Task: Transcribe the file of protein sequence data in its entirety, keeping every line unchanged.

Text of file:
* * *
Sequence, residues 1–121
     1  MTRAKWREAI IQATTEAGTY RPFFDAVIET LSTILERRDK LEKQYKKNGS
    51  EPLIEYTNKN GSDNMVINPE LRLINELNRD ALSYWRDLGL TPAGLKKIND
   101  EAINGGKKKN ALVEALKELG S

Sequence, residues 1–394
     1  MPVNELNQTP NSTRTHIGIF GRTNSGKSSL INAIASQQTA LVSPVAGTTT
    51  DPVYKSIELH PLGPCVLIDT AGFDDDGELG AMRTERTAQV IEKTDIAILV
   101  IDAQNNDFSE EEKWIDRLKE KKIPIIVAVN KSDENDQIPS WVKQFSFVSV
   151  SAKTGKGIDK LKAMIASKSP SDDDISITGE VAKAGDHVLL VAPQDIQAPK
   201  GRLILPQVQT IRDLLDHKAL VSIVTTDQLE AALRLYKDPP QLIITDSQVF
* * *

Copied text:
Sequence, residues 1–121
     1  MTRAKWREAI IQATTEAGTY RPFFDAVIET LSTILERRDK LEKQYKKNGS
    51  EPLIEYTNKN GSDNMVINPE LRLINELNRD ALSYWRDLGL TPAGLKKIND
   101  EAINGGKKKN ALVEALKELG S

Sequence, residues 1–394
     1  MPVNELNQTP NSTRTHIGIF GRTNSGKSSL INAIASQQTA LVSPVAGTTT
    51  DPVYKSIELH PLGPCVLIDT AGFDDDGELG AMRTERTAQV IEKTDIAILV
   101  IDAQNNDFSE EEKWIDRLKE KKIPIIVAVN KSDENDQIPS WVKQFSFVSV
   151  SAKTGKGIDK LKAMIASKSP SDDDISITGE VAKAGDHVLL VAPQDIQAPK
   201  GRLILPQVQT IRDLLDHKAL VSIVTTDQLE AALRLYKDPP QLIITDSQVF